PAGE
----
Deinonychus antirrhopus – A Ferocious Member of the Dromaeosauridae

It was the great American dinosaur hunter, Barnum Brown who discovered the fossilised bones of a fast-running, fearsome looking dinosaur at an excavation in Wyoming (United States), in 1931.  The animal, although clearly a new species of predatory dinosaur was not formally studied, this prehistoric animal was not properly studied or described by Brown.  It was the influential and highly respected John Ostrom who found more fossils of this dinosaur in the 1960s and it was Ostrom who went on to name and describe Deinonychus (D. antirrhopus).


Standing around 2.5 metres tall and with a length of 3-4 metres, Deinonychus was a new type of meat-eating dinosaur.  It inspired Ostrom and his contemporaries to depict dinosaurs not as sluggish, slow-witted beasts but as dynamic animals as active as warm-blooded mammals and birds.  Indeed, much of Ostom’s work on the Dromaeosauridae was directed at challenging the accepted doctrine that the Dinosauria were all cold-blooded.

An Illustration of Deinonychus by a Young Dinosaur Fan

Fast-running, active, warm-blooded dinosaurs

Fast-running, active, warm-blooded dinosaurs

Picture credit: Everything Dinosaur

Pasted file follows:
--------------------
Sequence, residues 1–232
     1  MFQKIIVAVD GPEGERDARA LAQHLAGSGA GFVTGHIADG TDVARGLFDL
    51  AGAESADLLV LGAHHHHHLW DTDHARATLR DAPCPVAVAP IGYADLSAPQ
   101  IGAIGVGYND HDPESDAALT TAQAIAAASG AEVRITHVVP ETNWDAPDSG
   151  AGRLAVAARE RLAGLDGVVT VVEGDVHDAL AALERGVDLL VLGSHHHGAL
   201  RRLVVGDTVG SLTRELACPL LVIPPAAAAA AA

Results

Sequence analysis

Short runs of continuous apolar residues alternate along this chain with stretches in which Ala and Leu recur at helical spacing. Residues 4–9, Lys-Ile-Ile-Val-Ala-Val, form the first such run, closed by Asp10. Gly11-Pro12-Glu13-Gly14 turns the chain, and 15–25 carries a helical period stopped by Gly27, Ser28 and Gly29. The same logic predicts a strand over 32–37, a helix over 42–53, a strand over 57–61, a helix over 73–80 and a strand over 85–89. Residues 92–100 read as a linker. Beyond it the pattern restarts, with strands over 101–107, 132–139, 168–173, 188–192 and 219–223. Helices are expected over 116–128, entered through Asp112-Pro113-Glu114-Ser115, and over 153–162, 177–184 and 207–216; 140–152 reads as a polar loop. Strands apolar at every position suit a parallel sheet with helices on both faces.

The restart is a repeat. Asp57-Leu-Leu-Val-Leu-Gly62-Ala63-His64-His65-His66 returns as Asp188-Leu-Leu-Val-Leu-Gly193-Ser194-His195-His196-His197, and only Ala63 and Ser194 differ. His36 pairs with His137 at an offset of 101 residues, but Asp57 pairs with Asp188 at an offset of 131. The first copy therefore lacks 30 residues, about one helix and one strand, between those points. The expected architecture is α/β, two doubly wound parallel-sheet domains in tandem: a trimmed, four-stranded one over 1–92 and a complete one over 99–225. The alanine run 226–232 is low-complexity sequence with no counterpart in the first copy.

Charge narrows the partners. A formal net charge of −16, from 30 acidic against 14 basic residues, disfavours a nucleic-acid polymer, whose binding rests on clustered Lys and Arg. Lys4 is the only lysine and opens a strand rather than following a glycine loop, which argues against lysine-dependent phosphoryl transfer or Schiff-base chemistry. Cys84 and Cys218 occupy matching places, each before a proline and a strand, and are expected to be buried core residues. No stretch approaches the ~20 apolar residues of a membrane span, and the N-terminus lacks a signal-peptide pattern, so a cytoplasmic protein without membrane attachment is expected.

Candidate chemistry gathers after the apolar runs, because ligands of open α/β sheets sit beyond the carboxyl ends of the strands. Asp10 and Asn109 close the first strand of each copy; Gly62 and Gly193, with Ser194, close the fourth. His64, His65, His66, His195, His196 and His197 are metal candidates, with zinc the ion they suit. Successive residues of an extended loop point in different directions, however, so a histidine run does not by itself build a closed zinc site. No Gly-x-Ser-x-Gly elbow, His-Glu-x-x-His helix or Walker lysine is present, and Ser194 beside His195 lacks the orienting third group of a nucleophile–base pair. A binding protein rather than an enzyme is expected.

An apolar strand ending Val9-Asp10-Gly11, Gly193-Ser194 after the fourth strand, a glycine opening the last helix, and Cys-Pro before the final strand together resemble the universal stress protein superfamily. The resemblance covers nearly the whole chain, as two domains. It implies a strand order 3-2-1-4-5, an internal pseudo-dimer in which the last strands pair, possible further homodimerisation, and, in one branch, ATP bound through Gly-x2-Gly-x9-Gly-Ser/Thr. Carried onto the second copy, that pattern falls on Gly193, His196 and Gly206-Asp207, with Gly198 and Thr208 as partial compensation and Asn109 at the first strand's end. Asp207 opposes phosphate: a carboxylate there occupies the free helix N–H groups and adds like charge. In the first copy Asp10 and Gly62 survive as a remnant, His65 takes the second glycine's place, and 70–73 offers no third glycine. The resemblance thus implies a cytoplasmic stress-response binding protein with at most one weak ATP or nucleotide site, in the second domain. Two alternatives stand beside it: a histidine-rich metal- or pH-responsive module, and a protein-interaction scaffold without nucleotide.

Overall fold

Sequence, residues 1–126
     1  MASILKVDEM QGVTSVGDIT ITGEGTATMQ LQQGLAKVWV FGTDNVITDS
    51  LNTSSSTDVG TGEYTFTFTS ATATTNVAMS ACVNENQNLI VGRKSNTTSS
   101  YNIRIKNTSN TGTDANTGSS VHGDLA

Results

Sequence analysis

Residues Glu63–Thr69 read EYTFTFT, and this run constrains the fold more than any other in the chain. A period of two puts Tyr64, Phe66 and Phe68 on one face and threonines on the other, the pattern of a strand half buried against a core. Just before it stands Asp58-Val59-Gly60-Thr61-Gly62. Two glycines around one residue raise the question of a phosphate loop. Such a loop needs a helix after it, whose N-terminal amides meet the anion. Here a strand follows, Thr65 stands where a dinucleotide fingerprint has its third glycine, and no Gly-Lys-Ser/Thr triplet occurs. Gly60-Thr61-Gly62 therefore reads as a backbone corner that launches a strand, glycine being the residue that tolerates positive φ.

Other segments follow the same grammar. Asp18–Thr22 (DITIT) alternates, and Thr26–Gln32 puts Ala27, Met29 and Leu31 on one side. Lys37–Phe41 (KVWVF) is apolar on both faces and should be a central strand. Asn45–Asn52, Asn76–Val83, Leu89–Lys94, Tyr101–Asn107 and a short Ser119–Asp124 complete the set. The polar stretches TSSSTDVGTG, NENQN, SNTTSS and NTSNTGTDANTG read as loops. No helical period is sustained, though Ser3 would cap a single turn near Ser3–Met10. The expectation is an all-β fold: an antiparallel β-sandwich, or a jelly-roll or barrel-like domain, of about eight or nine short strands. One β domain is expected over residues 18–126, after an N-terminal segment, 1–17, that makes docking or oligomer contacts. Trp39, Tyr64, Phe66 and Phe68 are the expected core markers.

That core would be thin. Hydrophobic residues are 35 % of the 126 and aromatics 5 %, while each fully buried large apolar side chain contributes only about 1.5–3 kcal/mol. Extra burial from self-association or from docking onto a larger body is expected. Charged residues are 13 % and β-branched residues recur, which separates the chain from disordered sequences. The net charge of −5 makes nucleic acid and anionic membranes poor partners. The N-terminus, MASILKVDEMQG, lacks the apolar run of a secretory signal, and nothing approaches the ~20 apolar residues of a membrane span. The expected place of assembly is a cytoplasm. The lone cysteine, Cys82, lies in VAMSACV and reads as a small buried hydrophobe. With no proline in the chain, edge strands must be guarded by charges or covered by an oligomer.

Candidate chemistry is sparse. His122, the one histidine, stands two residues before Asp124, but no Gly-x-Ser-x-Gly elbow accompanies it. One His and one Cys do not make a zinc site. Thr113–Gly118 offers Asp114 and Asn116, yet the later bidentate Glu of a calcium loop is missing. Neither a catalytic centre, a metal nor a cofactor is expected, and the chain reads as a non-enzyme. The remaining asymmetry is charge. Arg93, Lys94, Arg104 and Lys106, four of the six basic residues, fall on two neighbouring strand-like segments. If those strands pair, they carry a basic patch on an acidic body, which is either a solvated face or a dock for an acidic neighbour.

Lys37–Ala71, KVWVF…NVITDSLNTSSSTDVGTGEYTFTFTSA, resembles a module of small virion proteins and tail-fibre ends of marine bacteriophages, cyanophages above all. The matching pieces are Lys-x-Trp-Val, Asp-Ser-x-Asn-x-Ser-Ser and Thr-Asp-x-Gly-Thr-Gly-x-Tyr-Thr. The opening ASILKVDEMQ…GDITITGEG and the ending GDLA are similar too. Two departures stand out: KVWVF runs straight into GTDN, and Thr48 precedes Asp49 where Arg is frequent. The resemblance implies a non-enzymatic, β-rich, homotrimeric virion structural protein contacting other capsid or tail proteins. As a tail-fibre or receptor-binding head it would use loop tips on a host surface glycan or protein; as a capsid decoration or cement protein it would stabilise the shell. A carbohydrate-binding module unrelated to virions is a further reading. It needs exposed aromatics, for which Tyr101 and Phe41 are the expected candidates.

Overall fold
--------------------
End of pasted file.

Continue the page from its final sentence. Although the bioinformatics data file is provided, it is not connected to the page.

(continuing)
Intriguingly, a number of highly curved teeth, obviously the teeth of a predator, have been excavated from time to time from strata of the famous Hell Creek Formation of Montana.  It has been speculated that these are the teeth of a new type of dromaeosaurid dinosaur whose fossils have yet to be found.  It has also been suggested these are the teeth of young tyrannosaurs (T. rex) as Tyrannosaurus rex fossil material is also associated with the member of the Hell Creek Formation.

Everything Dinosaur stocks the Safari Ltd Wild Safari Prehistoric World range of models and figures that includes a replica of Deinonychus: Wild Safari Prehistoric World Models and Figures.

This post has been put up in response to a question received at a recent dinosaur workshop in a school organised by Everything Dinosaur, as part of the company’s work in educational establishments teaching about dinosaurs and fossils in schools.  We used a number of dromaeosaurid fossils and casts to illustrate the size of some predatory dinosaurs.  The term dromaeosaur means “swift lizard” an apt title for these fast, active dinosaurs.